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HOW TO RECORD BROADCAST QUALITY CRANK PHONE CALLS
LEGAL DISCLAIMER: Please check with Federal, FCC and state laws prior to recording crank calls. This information is provided for entertainment purposes and to those who wish to record legal calls. This page should not be construed as encouragement to actually make prank calls or record phone conversations nor should it be relied upon as legal advice. Always consult with an attorney prior to making any prank call or attempting to record calls as it may be illegal in your jurisdiction.
This manual is for aspiring crank callers who demand better than those Radio Shit devices, which from my experience have 2 MAJOR problems. First is the annoying 60 cycle ground loop "hum" that won't quit, and even worsens during pauses in conversation. Second is the volume ratio between your voice and the other person's voice on the other line. It heavily favors YOUR voice. So I shall reveal just one of many configurations you can use for a recording setup.
Get yourself a phone hybrid (which is what radio stations use). This is the backbone of your setup. I recorded most of the TTT calls with a Gentner SPH-3A phone hybrid. YOUR recorded voice will sound best if you talk through a microphone rather than talk into the phone like you normally do. Furthermore if you want to use a harmonizer to alter your voice you MUST talk into a microphone. If you get an old Gentner SPH-3A please note that in order to DIRECTLY hook up a microphone to the SPH-3A you must unfortunately modify (at the repair shop) the SEND XLR to accept a MIC level rather than the LINE level input (that you are stuck with when you open it up brand new out of the box). In layman's terms MIC level is much louder than LINE level. Of course you could avoid this modification by using a microphone preamp or a mixer with a LINE level output. But preamps are more expensive than the cost of a simple modification. There are other manufacturers of phone patches such as Radio Systems, JK Audio, etc. I don't reccommend the newer digital hybrids for taking inbound calls because when powered up they pick up the incoming call. By the time everything is calibrated the caller has often already hung up. So stick to the older analog machines like the Gentner SPH-3A. Try to find a hybrid that will accept a MIC level input (rather than line level) at the SEND XLR (your voice input) . Otherwise you will have to pay to have it modified or buy a preamp. Expect to pay around $500 and up. HELPFUL TIP: It is not worth paying extra for a hybrid that has this feature that automatically turns down the callers voice when YOU are talking. You will NEVER use this feature, which is really designed only for talk show hosts who want to automatically "step over" callers.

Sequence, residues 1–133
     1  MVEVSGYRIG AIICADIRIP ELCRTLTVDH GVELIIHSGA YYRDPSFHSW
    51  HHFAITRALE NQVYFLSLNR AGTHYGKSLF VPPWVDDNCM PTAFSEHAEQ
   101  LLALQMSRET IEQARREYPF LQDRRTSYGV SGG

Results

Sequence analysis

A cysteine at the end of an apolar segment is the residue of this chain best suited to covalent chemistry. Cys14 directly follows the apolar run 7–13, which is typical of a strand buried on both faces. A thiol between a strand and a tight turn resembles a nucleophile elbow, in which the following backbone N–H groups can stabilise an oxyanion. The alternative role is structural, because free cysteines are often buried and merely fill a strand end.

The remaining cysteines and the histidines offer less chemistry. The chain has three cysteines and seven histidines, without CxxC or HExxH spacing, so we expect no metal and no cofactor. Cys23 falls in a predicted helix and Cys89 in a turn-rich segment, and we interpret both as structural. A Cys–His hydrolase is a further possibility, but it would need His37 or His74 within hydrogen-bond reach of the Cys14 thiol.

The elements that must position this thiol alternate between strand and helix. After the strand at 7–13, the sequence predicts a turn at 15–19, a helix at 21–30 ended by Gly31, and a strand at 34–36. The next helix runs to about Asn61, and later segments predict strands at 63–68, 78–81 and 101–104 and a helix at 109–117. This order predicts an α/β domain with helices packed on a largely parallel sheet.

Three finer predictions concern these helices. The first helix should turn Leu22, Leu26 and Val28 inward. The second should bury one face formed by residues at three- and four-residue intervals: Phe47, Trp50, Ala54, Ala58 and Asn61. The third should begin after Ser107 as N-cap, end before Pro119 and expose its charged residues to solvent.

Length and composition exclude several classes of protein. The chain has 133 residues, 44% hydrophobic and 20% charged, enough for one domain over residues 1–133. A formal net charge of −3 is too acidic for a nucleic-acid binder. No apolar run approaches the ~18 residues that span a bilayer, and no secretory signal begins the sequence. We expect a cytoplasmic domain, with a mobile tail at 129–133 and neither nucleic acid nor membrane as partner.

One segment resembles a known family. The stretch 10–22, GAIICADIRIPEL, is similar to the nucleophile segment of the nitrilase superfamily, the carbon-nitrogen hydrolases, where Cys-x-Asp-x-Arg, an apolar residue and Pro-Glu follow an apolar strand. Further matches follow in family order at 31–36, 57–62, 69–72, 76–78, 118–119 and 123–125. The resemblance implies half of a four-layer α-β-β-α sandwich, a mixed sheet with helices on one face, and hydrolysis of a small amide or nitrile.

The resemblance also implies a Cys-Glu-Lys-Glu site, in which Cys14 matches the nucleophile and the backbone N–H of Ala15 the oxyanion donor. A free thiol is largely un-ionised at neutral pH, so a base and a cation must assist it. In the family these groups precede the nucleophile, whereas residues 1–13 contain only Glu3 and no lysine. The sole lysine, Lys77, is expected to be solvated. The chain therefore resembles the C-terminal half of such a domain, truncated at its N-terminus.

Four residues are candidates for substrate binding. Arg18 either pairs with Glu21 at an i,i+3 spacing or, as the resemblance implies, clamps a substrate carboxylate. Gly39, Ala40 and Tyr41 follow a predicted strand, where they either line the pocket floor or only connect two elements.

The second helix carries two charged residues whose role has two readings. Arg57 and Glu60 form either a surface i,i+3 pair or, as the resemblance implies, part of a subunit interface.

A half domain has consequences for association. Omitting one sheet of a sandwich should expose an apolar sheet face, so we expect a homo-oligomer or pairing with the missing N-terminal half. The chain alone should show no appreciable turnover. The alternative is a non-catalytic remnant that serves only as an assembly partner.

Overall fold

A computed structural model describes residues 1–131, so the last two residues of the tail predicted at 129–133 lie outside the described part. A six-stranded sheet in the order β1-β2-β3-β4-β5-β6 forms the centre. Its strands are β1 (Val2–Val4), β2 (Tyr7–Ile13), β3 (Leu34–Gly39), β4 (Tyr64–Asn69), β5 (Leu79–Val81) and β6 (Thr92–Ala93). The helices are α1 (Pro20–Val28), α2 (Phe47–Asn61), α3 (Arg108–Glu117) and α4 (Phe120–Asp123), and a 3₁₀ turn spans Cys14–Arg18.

The volume ratio (between your voice and the caller's voice) varies from call to call. You need to control this. You only get one chance to record a prank call. Having a phone hybrid can save the day when you get a bad connection and can't hear your call subject too well! As you know the phone line contains BOTH your voice and the caller's voice. With a phone hybrid you can at least toy around with that volume ratio so that it favors THEIR voice. You will never have to worry about YOUR voice getting drowned out in the mix because you will record a 2nd track with JUST your voice. A later mix down can balance the two voices perfectly. You will speak through a microphone. Anything from a Shure SM-58 to an expensive Neuman tube mic (as Roy D. Mercer uses) will work fine. I use the Sure SM-58 (about $100). Use a popper stopper between yourself and the microphone (I have found this to be a must). Once you are talking through a microphone you will split the signal coming from the microphone. You will record one track that comes ONLY from the microphone. The 2nd track will be the tapped phone line (which contains both your voice and theirs). Now when it comes to to master the recording you can raise up the track that has JUST your voice, and everything gets balanced perfectly.